Since I am creating Kicad footprints for components I need to know how I am going to mount the output transistors. That means making a decision about which side of the PCB they are soldered to (which side all components go on for that matter) and how they are connected to the PCB.
The grey and maroon rectangle at top left is going to be the heatsink – I have decided on the larger heatsink so both maroon and grey is the area it will take up. The lighter grey squares to the right are the switches and the green thin rectangle above shows the PCB. This is all a birds-eye-view.
I have decided to attach the output transistors so they lay flat on the PCB in order not to use plated through holes which is the normal way to mount components and will be the way for all other components. This will improve sound quality a tiny amount as PTHs give a small contact area and use metals other than good quality conductors. The use of a long strip of silver plated track will make a much better electrical connection and should not present any problem if the transistors need changing for any reason.
To do this I will need to bring the PCB forward in the box (downward in the drawing) so that the most forward edge of the PCB (green area) aligns with the most forward edge of the heatsinks. But you can see that the switches will then foul the batteries. But the batteries are 66mm wide and the heatsinks 200mm wide. 3 x 66 = 198mm. If I move the batteries together and leave 1mm between then they take up 200mm. 1mm is not enough to mount them the way I was going to using tie-wraps so I have to think of another way of mounting them and keeping them in place if the whole thing is dropped in transit (most likely with any postal system). The mounting needs to take into account the rather high weight of the batteries (so they will have a lot of inertia in a drop) and the fact I don’t want to use metal any more than absolutely necessary (to reduce magnetic field coupling). My design for the mounting now rests with the design of the casework since I will need the case to hold the batteries down in some way.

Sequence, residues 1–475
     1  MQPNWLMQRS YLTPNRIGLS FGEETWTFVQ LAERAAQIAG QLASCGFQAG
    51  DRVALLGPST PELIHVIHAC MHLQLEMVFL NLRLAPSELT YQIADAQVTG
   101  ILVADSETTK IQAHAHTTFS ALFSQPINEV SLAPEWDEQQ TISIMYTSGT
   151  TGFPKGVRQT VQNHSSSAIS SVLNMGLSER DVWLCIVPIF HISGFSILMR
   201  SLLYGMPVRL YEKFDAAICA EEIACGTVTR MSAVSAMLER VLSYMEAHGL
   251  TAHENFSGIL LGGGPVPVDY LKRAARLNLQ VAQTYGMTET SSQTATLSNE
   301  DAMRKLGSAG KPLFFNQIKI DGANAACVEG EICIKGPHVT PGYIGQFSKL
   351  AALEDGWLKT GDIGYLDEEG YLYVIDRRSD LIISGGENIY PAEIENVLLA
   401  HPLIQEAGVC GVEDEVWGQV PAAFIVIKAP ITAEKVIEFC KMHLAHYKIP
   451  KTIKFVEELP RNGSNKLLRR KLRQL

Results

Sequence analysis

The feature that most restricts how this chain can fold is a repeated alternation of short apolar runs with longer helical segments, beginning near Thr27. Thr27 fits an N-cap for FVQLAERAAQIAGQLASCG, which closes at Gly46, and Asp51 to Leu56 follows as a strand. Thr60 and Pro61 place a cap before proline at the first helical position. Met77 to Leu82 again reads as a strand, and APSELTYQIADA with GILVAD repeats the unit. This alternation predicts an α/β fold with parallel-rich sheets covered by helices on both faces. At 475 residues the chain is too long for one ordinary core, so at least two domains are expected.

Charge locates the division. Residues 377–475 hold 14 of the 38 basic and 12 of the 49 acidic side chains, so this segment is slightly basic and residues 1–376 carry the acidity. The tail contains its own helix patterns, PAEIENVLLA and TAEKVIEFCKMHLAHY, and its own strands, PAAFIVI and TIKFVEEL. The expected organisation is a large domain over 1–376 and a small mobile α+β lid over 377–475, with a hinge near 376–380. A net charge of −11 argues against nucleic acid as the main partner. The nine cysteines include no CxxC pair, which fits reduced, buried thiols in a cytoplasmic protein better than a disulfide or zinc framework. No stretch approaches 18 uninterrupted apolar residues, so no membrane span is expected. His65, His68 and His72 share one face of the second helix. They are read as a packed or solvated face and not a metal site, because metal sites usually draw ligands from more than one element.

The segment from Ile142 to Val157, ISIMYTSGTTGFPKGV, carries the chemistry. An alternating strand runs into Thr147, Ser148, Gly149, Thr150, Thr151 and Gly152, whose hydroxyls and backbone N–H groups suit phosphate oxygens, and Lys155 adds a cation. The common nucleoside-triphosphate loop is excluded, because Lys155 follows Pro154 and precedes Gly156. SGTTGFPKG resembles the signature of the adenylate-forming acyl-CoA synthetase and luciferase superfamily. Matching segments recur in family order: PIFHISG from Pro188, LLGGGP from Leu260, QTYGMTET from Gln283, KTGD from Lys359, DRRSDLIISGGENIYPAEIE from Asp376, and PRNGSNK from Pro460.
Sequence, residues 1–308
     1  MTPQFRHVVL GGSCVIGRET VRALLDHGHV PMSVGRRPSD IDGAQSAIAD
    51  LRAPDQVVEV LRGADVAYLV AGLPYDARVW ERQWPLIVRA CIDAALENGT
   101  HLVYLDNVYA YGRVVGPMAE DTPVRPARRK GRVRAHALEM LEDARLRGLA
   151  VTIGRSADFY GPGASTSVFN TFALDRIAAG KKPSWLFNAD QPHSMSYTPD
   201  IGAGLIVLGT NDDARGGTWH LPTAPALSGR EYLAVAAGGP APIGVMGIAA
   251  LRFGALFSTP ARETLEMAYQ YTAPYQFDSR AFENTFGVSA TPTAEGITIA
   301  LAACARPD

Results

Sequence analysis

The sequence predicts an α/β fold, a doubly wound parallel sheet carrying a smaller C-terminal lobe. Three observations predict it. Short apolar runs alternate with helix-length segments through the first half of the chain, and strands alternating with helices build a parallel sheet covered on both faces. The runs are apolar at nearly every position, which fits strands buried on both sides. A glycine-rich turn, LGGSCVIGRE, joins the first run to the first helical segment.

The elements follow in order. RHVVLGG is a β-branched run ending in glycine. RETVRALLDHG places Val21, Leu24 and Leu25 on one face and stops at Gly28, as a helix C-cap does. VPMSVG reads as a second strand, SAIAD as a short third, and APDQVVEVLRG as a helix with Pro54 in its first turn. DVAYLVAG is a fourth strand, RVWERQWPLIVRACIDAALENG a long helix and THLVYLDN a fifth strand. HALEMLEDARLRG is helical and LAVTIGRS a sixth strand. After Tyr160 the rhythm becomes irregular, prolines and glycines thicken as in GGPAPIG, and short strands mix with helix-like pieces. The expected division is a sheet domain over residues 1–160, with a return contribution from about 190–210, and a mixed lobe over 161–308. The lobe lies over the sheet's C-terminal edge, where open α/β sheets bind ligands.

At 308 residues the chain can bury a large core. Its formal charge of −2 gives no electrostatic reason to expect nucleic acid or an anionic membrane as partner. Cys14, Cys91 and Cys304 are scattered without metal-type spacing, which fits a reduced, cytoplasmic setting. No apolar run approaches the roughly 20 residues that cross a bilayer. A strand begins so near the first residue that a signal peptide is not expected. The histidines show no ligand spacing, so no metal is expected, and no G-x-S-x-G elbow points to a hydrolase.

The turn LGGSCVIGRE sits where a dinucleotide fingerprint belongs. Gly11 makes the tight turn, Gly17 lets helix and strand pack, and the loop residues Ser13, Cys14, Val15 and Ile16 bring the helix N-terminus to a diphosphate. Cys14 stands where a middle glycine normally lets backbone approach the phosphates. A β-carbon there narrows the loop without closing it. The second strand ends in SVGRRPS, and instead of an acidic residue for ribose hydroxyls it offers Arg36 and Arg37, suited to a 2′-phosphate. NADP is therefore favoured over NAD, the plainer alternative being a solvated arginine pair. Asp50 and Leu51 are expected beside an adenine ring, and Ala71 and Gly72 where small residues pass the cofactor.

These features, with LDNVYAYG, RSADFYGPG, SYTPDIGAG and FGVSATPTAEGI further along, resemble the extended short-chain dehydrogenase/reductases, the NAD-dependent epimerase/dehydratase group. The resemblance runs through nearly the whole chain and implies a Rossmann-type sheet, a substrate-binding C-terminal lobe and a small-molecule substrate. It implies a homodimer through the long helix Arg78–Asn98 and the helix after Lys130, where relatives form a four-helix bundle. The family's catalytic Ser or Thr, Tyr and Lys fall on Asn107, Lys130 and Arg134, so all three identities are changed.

In short; in order to work out the mounting footprint of the output transistors, I need to first work out how the case will work and be manufactured. One more minor move in this giant game of chess.